Coup poses a China-US conundrum

Editorial | Mary Ma 3 Feb 2021

The military coup in Myanmar is the first international crisis facing US President Joe Biden.

Yet it is uncertain how far his allies will go along with him to respond in one voice to the unfolding drama in light of Aung San Suu Kyi's passionate defense of the army's ethnic cleansing of the Rohingyas.

With the halo of democracy that blessed Suu Kyi in the old days long gone, the Western world's condemnation of the coup will likely remain no more than that as she is no longer hailed as a heroine.

Will Biden pass his first major foreign affairs challenge? Good luck to him.

Coup mastermind, senior general Min Aung Hlaing - Myanmar's commander-in-chief - is notoriously remembered for his role in the Rohingya cleansing.

Since the crackdown on the ethnic group, he and his family have been hit with international travel restrictions. Apart from this, he remains largely obscure to outsiders.

The crucial question is where the general will position Myanmar in the changing world order.

Geographically, the country could not be more strategically important to both China and the alliance led by the US.

Shortly after the coup, the Biden administration reacted with threats to reimpose sanctions. Those were lifted after the military regime conceded to allow democratic elections that returned Suu Kyi - then still beloved by the West - as the country's de-facto leader.

Will Biden carry through with his threat to reimpose the sanctions on a country that has already seen its goddess of democracy transform into an entirely different character?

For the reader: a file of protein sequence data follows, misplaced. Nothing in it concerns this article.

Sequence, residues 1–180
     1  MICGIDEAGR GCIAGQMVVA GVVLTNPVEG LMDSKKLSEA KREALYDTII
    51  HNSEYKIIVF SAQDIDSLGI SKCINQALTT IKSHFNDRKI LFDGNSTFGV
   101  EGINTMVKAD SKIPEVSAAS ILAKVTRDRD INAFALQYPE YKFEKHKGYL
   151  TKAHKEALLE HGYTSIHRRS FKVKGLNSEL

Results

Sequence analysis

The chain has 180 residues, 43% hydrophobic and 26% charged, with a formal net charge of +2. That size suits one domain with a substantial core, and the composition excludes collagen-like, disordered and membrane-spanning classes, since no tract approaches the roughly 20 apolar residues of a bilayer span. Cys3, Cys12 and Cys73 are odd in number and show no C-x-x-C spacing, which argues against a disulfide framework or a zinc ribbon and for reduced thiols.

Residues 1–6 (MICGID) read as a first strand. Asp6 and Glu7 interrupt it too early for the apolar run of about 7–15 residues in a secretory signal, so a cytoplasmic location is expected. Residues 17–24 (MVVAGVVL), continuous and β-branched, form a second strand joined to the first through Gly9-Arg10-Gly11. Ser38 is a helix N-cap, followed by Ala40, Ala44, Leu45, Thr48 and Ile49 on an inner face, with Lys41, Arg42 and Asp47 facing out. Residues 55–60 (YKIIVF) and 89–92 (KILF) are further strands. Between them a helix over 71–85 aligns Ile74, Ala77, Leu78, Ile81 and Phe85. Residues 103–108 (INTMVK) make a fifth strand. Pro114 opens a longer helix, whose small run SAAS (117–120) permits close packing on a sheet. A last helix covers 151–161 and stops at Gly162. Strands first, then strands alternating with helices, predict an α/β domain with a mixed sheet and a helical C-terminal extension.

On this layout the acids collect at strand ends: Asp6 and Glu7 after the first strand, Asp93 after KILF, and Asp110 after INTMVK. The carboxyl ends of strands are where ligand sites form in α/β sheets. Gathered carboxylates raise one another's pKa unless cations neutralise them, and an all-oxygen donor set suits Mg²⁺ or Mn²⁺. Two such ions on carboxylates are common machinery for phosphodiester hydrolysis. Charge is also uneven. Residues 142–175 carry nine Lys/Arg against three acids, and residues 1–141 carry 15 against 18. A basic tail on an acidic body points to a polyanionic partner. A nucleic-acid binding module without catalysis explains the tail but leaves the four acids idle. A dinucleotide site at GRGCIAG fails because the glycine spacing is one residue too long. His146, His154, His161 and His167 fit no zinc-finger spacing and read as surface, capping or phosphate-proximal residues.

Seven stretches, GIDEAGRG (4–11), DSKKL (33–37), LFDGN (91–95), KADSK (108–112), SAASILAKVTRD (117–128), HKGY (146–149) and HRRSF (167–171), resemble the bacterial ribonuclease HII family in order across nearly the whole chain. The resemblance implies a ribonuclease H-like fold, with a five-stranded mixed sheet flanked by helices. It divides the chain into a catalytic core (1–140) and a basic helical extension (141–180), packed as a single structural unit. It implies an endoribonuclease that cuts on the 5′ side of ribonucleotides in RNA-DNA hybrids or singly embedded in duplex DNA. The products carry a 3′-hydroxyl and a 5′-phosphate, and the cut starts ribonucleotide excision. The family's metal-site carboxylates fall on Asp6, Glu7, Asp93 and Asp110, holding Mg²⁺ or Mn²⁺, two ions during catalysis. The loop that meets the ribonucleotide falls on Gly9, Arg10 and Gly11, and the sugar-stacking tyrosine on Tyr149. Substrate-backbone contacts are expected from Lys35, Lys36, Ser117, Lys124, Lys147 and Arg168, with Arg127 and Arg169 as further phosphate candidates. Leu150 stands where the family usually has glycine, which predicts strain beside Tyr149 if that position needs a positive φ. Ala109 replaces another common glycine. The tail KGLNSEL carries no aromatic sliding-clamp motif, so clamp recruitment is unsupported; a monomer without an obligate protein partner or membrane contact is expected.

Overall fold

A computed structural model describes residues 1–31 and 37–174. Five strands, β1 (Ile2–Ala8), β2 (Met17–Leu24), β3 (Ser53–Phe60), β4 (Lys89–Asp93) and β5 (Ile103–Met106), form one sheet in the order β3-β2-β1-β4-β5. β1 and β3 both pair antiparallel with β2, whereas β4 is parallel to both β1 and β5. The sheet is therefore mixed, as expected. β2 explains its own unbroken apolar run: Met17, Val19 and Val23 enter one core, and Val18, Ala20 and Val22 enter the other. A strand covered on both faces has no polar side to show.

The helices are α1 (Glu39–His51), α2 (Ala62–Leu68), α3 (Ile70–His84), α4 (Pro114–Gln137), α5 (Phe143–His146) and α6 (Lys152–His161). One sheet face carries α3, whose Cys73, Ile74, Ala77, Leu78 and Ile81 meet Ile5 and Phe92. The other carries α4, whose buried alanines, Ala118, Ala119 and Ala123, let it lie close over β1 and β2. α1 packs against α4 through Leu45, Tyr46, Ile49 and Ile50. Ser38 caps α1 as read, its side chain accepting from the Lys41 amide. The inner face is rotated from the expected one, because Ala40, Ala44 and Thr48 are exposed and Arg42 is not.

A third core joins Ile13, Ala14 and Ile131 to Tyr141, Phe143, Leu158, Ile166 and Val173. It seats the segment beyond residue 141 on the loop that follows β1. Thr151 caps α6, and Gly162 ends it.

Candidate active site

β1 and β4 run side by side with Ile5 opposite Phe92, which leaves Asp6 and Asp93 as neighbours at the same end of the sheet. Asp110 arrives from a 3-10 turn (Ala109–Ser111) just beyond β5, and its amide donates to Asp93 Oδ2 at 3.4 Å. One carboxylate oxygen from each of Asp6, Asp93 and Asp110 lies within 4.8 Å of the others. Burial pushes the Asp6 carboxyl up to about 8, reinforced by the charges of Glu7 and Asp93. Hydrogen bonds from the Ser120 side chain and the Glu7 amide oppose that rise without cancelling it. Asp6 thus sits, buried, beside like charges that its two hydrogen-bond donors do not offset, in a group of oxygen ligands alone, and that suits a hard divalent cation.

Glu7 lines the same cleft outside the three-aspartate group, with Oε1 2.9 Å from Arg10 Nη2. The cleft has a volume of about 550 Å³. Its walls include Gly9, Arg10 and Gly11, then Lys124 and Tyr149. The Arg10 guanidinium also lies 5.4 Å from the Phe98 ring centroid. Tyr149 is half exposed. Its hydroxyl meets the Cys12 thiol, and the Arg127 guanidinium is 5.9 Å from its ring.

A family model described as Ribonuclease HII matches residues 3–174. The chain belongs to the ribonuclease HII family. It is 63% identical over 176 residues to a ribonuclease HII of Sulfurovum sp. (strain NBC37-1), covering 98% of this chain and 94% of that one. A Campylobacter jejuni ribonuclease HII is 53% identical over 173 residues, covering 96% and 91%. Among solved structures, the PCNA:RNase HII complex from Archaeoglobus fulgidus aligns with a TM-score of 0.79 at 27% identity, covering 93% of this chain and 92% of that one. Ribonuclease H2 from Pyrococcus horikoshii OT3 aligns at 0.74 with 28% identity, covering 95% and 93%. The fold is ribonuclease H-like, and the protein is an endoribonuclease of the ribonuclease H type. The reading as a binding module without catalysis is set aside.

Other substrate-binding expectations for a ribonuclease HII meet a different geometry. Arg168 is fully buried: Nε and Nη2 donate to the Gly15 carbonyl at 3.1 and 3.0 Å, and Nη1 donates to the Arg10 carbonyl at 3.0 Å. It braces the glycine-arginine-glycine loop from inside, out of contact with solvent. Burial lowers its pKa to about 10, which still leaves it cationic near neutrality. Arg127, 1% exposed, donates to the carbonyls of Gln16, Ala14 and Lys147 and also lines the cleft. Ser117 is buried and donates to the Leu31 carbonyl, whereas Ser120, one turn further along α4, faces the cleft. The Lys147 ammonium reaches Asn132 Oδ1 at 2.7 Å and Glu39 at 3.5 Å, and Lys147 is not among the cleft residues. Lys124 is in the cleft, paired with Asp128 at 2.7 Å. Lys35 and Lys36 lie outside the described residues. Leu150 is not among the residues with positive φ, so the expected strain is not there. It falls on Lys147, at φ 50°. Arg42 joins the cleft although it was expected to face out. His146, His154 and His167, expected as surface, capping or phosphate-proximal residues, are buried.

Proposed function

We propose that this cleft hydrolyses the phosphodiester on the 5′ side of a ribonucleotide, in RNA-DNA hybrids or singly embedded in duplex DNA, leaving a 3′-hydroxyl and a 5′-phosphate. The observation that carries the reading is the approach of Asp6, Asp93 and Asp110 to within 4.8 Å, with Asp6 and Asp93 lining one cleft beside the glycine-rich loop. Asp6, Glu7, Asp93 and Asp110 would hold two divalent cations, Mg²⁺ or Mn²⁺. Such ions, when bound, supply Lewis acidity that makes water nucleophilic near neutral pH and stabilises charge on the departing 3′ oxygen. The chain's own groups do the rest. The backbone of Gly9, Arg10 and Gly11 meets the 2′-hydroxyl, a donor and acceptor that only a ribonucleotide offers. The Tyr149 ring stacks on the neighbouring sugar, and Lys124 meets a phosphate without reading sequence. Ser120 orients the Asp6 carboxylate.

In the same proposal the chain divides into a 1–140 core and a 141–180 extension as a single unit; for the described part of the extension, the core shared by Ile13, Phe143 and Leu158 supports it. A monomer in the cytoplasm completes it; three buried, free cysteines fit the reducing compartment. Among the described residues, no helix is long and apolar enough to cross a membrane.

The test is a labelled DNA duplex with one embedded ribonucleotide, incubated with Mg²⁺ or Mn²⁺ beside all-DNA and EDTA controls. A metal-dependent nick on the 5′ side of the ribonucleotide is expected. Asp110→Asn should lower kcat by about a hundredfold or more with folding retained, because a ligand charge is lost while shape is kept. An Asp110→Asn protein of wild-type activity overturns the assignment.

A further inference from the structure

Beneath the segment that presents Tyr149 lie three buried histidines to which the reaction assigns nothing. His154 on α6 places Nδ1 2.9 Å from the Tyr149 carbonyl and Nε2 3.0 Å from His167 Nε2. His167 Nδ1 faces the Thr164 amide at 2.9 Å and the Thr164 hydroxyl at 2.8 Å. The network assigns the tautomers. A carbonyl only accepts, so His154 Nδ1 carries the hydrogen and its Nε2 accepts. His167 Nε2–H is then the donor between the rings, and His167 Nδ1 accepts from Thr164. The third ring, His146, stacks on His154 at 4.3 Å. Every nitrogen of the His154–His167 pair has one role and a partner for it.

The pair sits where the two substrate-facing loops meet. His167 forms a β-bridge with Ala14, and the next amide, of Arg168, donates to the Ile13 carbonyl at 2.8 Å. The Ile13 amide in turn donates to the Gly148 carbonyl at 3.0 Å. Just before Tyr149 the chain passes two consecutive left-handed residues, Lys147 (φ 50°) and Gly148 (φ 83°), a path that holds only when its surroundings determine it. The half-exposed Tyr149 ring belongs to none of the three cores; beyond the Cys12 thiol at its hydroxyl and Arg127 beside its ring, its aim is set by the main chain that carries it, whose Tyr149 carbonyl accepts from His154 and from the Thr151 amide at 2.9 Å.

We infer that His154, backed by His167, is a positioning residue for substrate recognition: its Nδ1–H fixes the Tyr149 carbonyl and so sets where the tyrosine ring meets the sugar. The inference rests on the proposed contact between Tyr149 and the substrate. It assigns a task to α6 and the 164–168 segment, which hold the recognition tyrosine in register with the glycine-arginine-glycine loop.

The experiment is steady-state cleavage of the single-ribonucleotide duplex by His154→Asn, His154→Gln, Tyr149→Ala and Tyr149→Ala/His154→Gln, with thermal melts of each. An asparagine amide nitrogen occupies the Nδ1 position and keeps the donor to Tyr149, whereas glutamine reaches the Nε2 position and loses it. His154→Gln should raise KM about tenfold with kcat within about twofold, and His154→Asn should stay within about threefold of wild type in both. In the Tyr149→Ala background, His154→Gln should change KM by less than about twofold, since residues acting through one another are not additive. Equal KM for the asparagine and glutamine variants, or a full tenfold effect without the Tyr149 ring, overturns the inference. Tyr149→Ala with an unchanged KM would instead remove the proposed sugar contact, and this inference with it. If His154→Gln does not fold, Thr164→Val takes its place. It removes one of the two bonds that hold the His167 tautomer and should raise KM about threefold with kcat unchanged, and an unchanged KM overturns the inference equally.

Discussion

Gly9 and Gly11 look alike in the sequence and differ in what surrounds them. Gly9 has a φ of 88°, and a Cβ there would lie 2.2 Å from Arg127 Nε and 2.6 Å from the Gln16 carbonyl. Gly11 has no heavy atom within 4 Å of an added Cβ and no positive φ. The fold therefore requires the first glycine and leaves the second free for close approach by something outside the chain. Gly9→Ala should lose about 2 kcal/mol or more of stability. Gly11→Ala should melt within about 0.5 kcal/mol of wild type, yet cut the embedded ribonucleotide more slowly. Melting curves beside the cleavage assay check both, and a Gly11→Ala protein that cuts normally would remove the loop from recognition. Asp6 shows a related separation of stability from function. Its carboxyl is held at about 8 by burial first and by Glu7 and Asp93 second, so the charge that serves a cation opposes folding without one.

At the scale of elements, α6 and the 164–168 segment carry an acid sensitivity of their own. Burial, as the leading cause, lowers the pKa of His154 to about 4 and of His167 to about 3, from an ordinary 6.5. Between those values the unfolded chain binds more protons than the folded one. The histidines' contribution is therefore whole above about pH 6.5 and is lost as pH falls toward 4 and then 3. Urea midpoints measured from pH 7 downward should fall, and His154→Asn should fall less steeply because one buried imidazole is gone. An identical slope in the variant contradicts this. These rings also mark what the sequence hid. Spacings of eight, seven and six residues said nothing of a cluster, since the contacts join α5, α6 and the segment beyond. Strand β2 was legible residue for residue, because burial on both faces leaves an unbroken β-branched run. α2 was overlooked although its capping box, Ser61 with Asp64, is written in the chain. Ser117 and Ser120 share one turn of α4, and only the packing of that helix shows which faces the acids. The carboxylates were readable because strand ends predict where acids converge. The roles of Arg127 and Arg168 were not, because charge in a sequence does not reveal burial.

While this is probable, it would push Myanmar even closer to China than during the Suu Kyi era, when relations were already strong.

Myanmar is strategic because it borders China on the land in the east and the Indian Ocean in the west.

This gives China an important corridor to reduce its dependence on the narrow Strait of Malacca for oil and gas supplies.

During times of peace, there is no problem sailing from the Indian Ocean to the South China Sea through the Strait of Malacca. But if a military conflict erupted in the South China Sea, the US navy could easily block the Strait of Malacca to cut off supplies bound for China.

China has already built pipelines across Myanmar for energy supplies from the oil-rich country, with cooperation expanded after Suu Kyi came to power.

In 2017, she signed a framework agreement with President Xi Jinping to extend the corridor further to the coastal city of Kyaukpyu in the west to construct a deepwater port and pipeline extensions.

Construction of the strategic infrastructure has been making progress.

It is not difficult to understand that the Biden administration, out of political correctness, has voiced concern about the coup.

Beijing, on the other hand, has reacted in a much lower profile with Xinhua News Agency describing it as merely a "cabinet reshuffle."

With so much at stake, both are trying to understand the senior general's bottom line.



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